North Kenai, now Nikiski, Alaska
Since the Beluga’s are showing up I thought this would be an appropriate story..
I arrived in Alaska in 1967 with three little kids and three suit cases. It was my first ride on an airplane and about my first time out of the State of Colorado.
Never in my 29 years had I seen a large body of water or the ocean or big river, until I came to Alaska. I thought Cook Inlet, with its muddy glacier silt and strong rip-tides, was absolutely beautiful. I still do. I never tire of going down to Arness dock and look out over the water and marvel at the ever changing beauty. It has changed through the years. The sunken landing craft for a dock is gone and a wonderful large dock in its place. The oil rigs in the Inlet have multiplied, produced oil and some are shut down now. I still get great joy in showing newcomers and our visitors, Arness dock or as they call it now – OSK. I kid people and tell them I was born in Colorado on a mountain top and the biggest body of water was a rain puddle. Only half true. I was born and raised on a farm in Northern Colorado and the biggest body of water was mud puddles we played in and the largest stream of water was an irrigation ditch. Black Hollow Lake held irrigation water. The swift waters of the Poudre Canyon and Big Thompson Canyon required days of planning and a few chickens to kill, pluck and fry so we could enjoy a picnic in the mountains. So when I saw all the ponds, lakes, streams, Kenai River, Cooke Inlet and the Ocean out of Homer, I was both fascinated and terrified. I cannot swim a lick and do not like water in my face and I am not terrible found of boats. I do not particularly like to fish, but love to watch other people fish.
One day shortly after we arrived in Alaska, I had to find a job in a hurry and was offered a bookkeeping position at Offshore Fabricators, located at Arness Dock. After the interview, I went back to get my kids being baby sat by my new friend Helen. I wanted them to see how beautiful Cook Inlet was. Beside, said my new boss, “The Beluga’s are in.” “What are they?” I asked. “Big White whales,” he said, “Go down to the dock and walk out on the ship (a sunken liberty ship poured full of concrete to make a dock) and you can see them jump out of the water.” Wanting my kids to see everything, I hurried up the hill in my old Willis Jeep, put the kids in the jeep and thanked Helen for taking care of them.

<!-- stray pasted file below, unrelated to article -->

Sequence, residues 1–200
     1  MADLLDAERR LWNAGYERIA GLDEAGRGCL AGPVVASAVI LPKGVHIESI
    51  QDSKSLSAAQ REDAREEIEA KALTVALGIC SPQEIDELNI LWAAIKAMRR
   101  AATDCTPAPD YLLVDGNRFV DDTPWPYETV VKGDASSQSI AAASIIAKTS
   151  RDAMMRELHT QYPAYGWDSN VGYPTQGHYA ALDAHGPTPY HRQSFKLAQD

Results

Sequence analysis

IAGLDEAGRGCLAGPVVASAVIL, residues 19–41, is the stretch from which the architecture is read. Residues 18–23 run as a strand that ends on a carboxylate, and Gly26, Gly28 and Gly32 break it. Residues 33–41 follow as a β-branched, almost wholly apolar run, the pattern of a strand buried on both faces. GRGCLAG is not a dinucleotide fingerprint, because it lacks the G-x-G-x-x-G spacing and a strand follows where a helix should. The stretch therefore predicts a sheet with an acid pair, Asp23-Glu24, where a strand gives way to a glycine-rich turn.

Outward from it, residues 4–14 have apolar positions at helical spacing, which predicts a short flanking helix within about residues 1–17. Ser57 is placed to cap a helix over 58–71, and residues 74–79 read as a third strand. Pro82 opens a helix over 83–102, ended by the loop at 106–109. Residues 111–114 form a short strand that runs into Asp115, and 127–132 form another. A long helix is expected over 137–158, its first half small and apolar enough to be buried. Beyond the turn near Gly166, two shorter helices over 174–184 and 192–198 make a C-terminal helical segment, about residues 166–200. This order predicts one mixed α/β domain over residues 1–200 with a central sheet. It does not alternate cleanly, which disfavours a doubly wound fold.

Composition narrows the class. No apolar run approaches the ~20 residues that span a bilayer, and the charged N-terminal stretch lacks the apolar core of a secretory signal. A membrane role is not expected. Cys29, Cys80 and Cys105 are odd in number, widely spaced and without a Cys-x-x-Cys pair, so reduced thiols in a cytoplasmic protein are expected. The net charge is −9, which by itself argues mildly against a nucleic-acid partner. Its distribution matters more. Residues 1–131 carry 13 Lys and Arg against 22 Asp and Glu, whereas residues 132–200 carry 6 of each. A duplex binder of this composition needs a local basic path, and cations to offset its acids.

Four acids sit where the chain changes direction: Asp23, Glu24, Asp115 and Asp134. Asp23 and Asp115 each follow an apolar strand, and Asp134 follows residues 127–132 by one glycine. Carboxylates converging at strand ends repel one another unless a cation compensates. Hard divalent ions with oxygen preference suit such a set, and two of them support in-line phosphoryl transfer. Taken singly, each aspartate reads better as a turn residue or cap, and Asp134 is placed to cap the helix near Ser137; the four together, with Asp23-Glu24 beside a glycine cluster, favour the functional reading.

I drove back down to the dock and parked where the sign said No Parking and walked with my kids in tow, onto the big World War II Landing Craft. That was my first time I had ever been on a boat, sunk with cement or other wise. We walked the long expanse of the deck sticking high out of the water and walked up to the bow, leaned over the railing with the other on-lookers and started looking for Beluga’s. ALL OF THE SUDDEN this BIG creature leaps high out of the water!! My heart jumped out of my throat and I took off running. I stopped when I got to the edge of the dock, realizing then, I had left my kids standing out there!! The kids shouted MOM, their eyes wide with shock. I hollered what was that???? A bystander, who later became my good fried said, that’s a Beluga.
I had to walk all the way back out to the bow of the boat, while everyone was giving me side ways glances to retrieve my kids. They wanted to stay and watch for more Belugas and I had to act like I was brave enough to stay and watch.
My boss and all the welders in Offshore Fabricators shop were looking out the big wide doors and saw my swift get-away. They were impressed at how fast I could run. They eventually became my good friends and I was always teased about the first time I saw a Belugas and my running abilities.
My kids reminded me when I went to get them in the old green Jeep, that I parked very close to the No Parking sign, just in case we had to leave in a hurry. They think I thought Beluga’s were as big as Jonah’s Whale. The kids knew how scared I was of water, boats and a ship in this case. They also knew that I wanted them to see everything in the great State of Alaska. They tell me that I made them hold hands and walk down the middle of the sunken ship with its concrete deck, so we would not fall off or be thrown overboard.
When we got to the bow of the ship. I instructed them to hang on tight to the railing, don’t climb on it, don’t move around, just stand still and watch. The next thing they remember is the Beluga jumping out of the water, me screaming and taking off down the middle of the ship without them. In there utter disbelief Mom was running away from them and leaving them stranded. After all I had told them NOT to move. My oldest daughter says that when I walked back to retrieve them, down the middle of the ship I was shaking like a leaf and barely could talk. I must have been quite a site. A tug boat tied to the dock and all those guys in the fabrication shop saw this lady who had lost her mind, running down the middle of the deck screaming at a Beluga jumping out of the water. And that is how I made my mark and my beginning in Alaska.
The series is written by a 47 year resident of Alaska, Ann Berg of Nikiski. Ann shares her collections of recipes from family and friends. She has gathered recipes for more that 50 years. Some are her own creation. Her love of recipes and food came from her Mother, a self taught wonderful cook.
She hopes you enjoy the recipes and that the stories will bring a smile to your day.
Grannie Annie can be reached at firstname.lastname@example.org